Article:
I don’t like planes. I like to travel to faraway places so I can lose myself in the wilderness, and planes are the opposite of that, where you are surrounded by lots and lots of people uncomfortably packt like sardines in a crushd tin box. (Literally every time I fly on an airplane, I picture the Radiohead song.) Imagine a non-transit situation where you would be crammed in such a small place with this many people and expected to spend the night sleeping upright in a chair next to a total stranger. A stranger who keeps vomiting.
There was also, as there always is, a crying baby, but it was actually much less disturbing than Barf Man.
The flight didn’t even have any turbulence, so Barf Man should definitely avoid ever flying in Nunavut. I have ridden terrible turbulence, so bad that I held the hand of the crying woman sitting next to me as the pilot shakily explained that we were going to “try to land” once more in the middle of the storm, but just once more, and thought to myself “Well, here is how it’s all going to end, me in this crushd tin box in the arms of a praying woman that I don’t know very well.” Which is kind of weird when I think about it now, because my husband was sitting right next to me in the other seat. But anyway, I held down my lunch, even though we got tossed around like popcorn. But on this particular remarkably smooth flight, Barf Man did not.
So anyway, I didn’t get much sleep on the plane.
I also thought I’d be a lot more excited about my layover in Trinidad, because, hello, Trinidad. It's Trindad! But Trinidad is not as exciting at four-thirty in the morning when most things at the airport are shut down, and the only bathroom in the secured section you’re in is under renovations. This could have been really disastrous for Barf Man, but I'm pretty sure he had nothing left in his stomach and, also, evidently he never seemed very concerned about hiding in a bathroom to barf. But I’ve really got to give credit to the Ministry of Tourism representative that was going around finding out who was in transit and who was a tourist in Trinidad, presumably to give them a warm welcome? At four-thirty in the morning. Now that is dedication.
I made a note to myself to visit Trinidad on a better day.
Once I finally arrived in Guyana (along with Barf Man, who followed and barfed the whole way through), we were greeted with our own warm welcome, palm trees by the entrance, and a musician with dreadlocks played steel drums while we waited in line for immigration. At 7:30 in the morning. They always said that Caribbean folks are friendly, but now I truly believe it. Can you imagine the CBSA hiring a Tragically Hip cover band to play at the Pearson Airport while they sternly interrogate travellers about what goods they have to declare?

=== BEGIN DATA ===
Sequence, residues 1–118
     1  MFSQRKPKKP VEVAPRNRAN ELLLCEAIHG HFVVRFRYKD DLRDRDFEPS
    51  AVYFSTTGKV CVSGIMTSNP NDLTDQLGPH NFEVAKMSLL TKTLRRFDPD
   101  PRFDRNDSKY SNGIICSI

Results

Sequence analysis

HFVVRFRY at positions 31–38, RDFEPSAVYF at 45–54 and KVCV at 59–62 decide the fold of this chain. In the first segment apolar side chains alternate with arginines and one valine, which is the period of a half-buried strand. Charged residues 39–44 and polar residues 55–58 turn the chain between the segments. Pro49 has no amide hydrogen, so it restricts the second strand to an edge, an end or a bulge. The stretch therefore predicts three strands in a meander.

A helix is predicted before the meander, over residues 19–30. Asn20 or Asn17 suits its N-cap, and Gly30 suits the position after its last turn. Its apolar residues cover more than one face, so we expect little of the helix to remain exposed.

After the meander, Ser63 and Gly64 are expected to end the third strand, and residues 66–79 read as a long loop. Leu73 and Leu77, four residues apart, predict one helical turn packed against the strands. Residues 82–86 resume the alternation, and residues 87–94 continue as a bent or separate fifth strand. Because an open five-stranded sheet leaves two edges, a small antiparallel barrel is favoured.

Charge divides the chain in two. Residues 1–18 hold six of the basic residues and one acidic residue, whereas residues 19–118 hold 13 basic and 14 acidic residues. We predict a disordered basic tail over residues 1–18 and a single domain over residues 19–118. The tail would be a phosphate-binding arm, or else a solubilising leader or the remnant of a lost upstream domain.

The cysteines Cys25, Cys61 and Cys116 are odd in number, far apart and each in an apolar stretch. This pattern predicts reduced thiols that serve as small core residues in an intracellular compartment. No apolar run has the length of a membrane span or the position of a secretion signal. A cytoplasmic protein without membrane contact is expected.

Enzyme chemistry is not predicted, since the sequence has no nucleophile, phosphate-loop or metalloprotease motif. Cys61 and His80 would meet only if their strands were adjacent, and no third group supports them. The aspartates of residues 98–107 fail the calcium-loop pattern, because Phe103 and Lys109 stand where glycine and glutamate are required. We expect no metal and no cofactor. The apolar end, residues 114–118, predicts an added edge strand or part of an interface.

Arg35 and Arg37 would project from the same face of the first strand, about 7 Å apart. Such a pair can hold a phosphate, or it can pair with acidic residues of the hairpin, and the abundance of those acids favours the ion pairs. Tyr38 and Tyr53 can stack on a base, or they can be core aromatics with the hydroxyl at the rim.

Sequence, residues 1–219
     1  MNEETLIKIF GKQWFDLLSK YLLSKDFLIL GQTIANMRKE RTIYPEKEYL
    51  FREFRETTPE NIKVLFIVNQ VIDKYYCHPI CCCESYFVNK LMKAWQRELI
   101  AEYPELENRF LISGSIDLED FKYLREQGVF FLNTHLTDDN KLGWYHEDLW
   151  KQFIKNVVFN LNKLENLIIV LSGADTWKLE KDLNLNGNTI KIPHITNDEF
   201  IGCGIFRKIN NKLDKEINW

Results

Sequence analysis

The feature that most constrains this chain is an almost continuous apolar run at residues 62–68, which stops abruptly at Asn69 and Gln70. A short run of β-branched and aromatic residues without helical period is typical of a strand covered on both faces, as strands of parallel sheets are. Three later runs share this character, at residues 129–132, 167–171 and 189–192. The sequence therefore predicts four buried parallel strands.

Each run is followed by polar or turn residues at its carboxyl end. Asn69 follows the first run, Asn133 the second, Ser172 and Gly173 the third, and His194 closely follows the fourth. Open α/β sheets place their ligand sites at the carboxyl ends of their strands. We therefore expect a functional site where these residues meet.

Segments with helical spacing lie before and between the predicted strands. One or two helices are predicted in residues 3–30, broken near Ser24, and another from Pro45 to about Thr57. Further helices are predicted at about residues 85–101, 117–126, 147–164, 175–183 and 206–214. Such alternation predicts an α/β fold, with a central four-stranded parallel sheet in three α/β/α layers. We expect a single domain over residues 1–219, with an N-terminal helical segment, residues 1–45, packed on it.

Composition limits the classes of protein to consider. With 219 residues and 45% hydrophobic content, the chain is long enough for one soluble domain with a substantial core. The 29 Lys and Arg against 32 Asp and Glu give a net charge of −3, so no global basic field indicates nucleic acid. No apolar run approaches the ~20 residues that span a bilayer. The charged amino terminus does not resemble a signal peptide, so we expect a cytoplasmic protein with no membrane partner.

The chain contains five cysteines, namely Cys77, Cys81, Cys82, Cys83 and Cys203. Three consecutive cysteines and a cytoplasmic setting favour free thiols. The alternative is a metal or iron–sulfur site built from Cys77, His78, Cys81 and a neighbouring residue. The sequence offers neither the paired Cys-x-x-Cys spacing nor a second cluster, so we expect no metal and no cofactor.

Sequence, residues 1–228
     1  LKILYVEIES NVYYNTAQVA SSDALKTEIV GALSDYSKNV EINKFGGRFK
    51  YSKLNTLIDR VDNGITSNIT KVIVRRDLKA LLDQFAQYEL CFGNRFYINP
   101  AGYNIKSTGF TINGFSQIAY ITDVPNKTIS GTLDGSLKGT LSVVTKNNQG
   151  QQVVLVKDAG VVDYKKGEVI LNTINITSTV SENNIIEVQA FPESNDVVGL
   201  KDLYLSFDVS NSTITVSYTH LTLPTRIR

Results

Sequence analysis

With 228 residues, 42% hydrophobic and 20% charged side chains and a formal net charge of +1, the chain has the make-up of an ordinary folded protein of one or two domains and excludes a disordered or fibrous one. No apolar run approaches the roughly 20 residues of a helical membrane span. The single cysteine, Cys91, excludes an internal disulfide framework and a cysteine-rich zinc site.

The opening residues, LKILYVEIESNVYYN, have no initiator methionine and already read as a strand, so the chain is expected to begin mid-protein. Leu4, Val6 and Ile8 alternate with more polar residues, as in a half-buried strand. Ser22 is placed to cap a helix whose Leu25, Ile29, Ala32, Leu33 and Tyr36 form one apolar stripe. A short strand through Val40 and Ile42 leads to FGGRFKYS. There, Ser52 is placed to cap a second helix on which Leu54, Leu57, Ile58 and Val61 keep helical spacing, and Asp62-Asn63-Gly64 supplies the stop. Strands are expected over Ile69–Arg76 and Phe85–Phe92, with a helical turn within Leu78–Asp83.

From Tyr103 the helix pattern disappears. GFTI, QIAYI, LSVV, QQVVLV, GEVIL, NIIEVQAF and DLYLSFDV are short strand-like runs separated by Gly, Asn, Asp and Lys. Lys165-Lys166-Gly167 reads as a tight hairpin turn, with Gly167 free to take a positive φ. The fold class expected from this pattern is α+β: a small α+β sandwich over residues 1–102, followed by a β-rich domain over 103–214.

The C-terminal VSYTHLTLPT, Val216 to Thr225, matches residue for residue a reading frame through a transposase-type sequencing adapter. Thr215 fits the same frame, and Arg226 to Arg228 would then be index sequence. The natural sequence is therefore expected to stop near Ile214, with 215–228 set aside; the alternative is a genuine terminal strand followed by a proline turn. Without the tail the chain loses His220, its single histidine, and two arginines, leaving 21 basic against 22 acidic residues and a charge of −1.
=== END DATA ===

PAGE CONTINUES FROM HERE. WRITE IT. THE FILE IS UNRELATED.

The driver told me all about Guyana as he drove me into Georgetown. Guyana is located in South America, but culturally considered to be Caribbean. It is also, to my disappointment, one of the only Caribbean countries that don’t have any oceanfront beaches. It does have fine white sand but the water is black, not turquoise, from the soil. It may lack stereotypical Caribbean beaches, but it does have one of the largest unspoiled rainforest in South America. Particularly of interest to me, it is in the top 10 or so of the world’s most sparsely populated countries with less than a million people spread out over a land area about the size of Kansas. In case you haven’t been able to tell from the time I’ve spent with this travel blog, in places like Namibia, Nunavut, and, well, Canada generally…lots of land and not a lot of people is kind of my jam.
In fact, a lot of the country is untouched. The guidebook describes Guyana (not to be confused by Ghana, Guinea, or French Guiana) as “South America’s little-known curiosity that lies far off the well-trodden tourist path.” Read between the lines and it means it’s not over-run with trust fund hippies backpacking their way from hostel to hostel, or loud obnoxious tourists demanding to know where the nearest McDonalds is (there isn’t one). It doesn’t have all-inclusive Caribbean resorts (maybe due to the lack of sandy turquoise ocean beaches). It tends to attract nature lovers, hard-core hikers, adventurous thrill-seekers, folks who don’t mind finding their own way. And, um, me, standing uncomfortably close to the equator and realizing that I am still acclimatized to the Arctic.
Also, my hotel room had air conditioning. I never did figure out how to open the windows, but the air conditioning probably saved my life. I don’t actually like air conditioning that much, but it was better than being hot, as I was still not used to the humid heat. It kept me cool enough to sleep, and the ventilation also kept the mosquitos off my face. It was either that, or putting on a fan…and we all know how Koreans feel about sleeping with a fan.
Once I checked into the hotel, I took a very much needed nap and a shower. Then I met up with some folks living here who took me to the Hibiscus Lounge, where I was introduced to this lovely thing called Bull Dogs – rum margaritas with Corona beers stuck into them upside down, dripping their deliciousness into your drink slowly like an alcoholic IV. I sucked on these contentedly under a tall palm tree on the bar patio, eating yummy Guyanese chicken curry masala. It was the perfect way to start my stay.